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An Exercise in Words

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22.

When we climbed up very high, onto the rocky crevices unsullied by human traces, we barely guessed the existence of land beneath the dark canopy. We had no home, we had no names. We had only a mad awe and the quiet, the rustling quiet, torn by the wind like a rotten canvas. In the crystal clear heights I experienced a moment that defied everything I had known heretofore.

Below us was a green gorge, above us only sky. From high up we saw nests, atwitter, the nests of predators, from down below the tips of branches stretched their timid greens towards us.

I’m not vertiginous. I stepped onto the edge of the cliff.

The green rift was ondulating before my eyes.

I grabbed Joe around the waist, he hugged my shoulders. We stood thus, until everything disappeared and we were left all alone.

Between the earth and the sky.

That which held us in balance has no name. We froze in some cataleptic state. I stopped being aware of my immediate surroundings.

The universe was the image of an open gate.

Then it happened. It lasted a second, perhaps a fraction of a second, it’s not important.  I, who does  not believe in gods or demons, noted the presence of a monster. It surrounded us on all sides, it was swallowing us, we were its prey.

To defeat it is to deny its existence.

I searched for a magic incantation and strained all of my inner power. I am a titan, willing to die, but not to surrender.

My will was fighting its greatest battle.

And again there were the ticking branches, I was lying with my face in Joe’s palms and from the excited pulsing of his arteries I read how awful I looked. I lifted my head. I became aware of the green rift, the cloudless sky, and my fingers digging into Joe’s skin.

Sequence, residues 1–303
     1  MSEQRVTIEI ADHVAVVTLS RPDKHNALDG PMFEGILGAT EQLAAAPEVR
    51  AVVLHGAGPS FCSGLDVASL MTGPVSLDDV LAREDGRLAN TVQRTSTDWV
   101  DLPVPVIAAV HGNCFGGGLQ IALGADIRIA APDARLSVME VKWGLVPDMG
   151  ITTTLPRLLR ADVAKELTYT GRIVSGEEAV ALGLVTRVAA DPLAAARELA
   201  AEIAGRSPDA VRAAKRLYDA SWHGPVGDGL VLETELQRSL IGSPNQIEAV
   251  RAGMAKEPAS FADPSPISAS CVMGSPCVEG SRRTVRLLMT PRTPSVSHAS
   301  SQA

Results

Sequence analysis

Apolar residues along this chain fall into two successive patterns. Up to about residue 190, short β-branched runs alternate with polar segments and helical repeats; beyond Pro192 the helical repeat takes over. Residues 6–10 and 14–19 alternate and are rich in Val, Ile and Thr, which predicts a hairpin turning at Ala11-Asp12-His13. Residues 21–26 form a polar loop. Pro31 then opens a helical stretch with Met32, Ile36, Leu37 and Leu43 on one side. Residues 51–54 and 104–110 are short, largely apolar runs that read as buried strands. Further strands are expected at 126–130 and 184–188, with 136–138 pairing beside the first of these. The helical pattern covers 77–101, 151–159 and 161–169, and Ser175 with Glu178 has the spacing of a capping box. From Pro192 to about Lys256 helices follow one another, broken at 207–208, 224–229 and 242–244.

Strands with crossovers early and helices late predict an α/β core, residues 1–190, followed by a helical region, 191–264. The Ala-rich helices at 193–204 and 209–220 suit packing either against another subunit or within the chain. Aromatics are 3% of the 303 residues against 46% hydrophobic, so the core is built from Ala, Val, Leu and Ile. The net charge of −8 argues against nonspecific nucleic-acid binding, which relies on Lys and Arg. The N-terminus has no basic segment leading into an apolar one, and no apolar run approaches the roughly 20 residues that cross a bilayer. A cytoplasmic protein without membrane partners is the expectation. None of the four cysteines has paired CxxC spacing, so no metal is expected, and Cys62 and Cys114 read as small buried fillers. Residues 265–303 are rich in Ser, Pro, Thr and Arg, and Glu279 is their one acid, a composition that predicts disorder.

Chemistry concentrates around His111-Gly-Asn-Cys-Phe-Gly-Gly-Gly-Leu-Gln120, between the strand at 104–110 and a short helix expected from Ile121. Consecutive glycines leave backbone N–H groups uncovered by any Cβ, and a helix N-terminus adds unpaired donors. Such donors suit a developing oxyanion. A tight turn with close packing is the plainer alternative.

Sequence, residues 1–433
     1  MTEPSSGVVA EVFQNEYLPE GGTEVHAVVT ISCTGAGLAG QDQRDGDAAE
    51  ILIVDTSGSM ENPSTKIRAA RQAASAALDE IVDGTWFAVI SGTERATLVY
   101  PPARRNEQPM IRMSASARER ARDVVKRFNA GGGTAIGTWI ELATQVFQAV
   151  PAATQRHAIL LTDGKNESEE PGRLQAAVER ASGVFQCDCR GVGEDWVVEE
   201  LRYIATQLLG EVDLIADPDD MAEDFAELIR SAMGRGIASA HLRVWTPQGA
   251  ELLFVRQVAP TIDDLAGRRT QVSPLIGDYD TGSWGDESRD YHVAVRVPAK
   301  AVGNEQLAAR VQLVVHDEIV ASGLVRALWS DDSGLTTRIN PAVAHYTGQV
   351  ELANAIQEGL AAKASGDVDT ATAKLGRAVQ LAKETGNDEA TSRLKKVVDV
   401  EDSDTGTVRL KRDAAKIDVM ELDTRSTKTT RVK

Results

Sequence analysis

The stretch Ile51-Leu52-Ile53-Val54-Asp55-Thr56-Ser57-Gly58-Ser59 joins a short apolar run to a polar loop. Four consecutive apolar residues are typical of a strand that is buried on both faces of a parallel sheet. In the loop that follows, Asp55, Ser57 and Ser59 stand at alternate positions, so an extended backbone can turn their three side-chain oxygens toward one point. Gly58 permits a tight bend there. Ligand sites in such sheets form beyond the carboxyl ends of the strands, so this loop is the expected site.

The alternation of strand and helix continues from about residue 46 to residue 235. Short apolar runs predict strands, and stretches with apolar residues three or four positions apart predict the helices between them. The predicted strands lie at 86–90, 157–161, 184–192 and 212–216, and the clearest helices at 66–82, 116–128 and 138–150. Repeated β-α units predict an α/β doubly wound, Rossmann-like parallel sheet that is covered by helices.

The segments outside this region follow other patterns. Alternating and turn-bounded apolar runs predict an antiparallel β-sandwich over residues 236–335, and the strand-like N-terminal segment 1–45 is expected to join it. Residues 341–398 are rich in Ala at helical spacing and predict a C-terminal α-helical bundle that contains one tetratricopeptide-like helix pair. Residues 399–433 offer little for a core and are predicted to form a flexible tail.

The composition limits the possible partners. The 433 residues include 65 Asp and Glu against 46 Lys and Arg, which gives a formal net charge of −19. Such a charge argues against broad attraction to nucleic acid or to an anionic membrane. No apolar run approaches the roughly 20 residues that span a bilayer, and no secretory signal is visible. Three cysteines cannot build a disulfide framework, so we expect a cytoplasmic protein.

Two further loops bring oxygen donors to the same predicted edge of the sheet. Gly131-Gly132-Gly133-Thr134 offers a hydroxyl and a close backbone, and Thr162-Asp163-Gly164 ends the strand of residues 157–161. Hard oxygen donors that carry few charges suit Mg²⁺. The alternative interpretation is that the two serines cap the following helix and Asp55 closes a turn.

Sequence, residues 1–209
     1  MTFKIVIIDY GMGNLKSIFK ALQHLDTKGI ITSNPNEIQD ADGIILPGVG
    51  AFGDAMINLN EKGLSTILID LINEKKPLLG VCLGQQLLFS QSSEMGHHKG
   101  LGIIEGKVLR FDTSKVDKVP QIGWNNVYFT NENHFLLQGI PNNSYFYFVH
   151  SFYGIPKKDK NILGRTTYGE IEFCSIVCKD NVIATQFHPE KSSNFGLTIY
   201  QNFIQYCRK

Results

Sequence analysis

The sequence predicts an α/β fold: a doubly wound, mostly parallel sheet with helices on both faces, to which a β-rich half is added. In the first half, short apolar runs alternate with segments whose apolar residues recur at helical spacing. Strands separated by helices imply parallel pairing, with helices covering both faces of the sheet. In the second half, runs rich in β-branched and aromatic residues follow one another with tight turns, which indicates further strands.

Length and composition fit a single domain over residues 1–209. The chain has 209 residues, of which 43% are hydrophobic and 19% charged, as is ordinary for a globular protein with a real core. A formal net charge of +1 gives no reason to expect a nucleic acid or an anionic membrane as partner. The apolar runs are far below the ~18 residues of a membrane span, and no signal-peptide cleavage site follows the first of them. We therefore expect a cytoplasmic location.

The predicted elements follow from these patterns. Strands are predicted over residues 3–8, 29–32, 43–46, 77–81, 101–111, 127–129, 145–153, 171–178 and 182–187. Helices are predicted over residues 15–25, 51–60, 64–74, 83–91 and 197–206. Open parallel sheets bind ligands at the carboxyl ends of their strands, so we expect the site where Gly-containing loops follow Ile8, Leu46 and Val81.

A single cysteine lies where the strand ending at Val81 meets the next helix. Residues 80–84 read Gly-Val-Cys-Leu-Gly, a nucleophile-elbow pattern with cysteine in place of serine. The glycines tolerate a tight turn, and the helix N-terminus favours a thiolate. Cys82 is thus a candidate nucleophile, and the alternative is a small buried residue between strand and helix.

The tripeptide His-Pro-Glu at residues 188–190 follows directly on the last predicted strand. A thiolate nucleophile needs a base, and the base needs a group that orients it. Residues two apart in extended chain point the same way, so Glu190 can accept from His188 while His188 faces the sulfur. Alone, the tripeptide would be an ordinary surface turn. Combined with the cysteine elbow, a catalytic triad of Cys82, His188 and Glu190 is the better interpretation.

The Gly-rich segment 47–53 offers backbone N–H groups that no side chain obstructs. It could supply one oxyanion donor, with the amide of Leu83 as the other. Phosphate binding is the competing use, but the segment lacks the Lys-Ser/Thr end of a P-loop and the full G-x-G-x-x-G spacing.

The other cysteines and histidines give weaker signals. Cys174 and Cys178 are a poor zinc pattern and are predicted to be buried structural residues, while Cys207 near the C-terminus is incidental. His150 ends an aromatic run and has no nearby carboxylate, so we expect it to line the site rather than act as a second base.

“You got dizzy, Hannie.”

Joe’s Hannie by Květa Legátová,
excerpt translated by Blue Jay & Bumblebee

* * *

The number of languages you speak is the number of times you are human.

European proverb

I’m working on a project currently that involves translating a literary text. Rewriting prose into a different language – a whole different system of thought and humour and a whole different set of words and possibilities – is an extremely interesting and an insanely responsible job. I’m not sure you can ever become aware of just how important it is unless you have a hand at it yourself. While I’ve never been keen on translations, this stint has made me appreciate all the more the work of people who’ve reimagined and reinvented literary works from Shakespeare to Harry Potter.

I’ve been aware of the delicate world of translations since childhood. I remember vividly when, after having finished Lewis Carroll’s Alice in Wonderland, I was presented with Vladimir Nabokov’s Russian translation of the book, which was in fact a reinterpretation of the story, setting it in a distinctly Russian environment. Nabokov replaced the name Alice with Annie, switched the jar of orange marmalade for a jar of strawberry jam, and sprinkled his text with a number of Russian language and culture specific puns that had to be diligently explained to me.

Nowadays, when I’m reading a particularly well-written or culture-specific book, I often think about how I’d translate this or that passage, pondering words and phrases. It’s become a sort of fun mental exercise, like sudoku or mahjong.

It seized me most recently when I was reading one of the most magical books I’ve ever happened upon – Jozova Hanule by Květa Legátová – in Czech. The writing style and language were so extraordinary I couldn’t fathom how they could be adequately translated, and found myself badly wanting to read the English version for comparison (and critique). Sadly, it seems to be out of print, so I had no other option but to try and have a go at it myself. While I don’t intend to translate the entire book just for fun, I decided to share my favourite excerpt here, just to give you a glimpse of the beauty and the magic of Ms. Legátova’s world.

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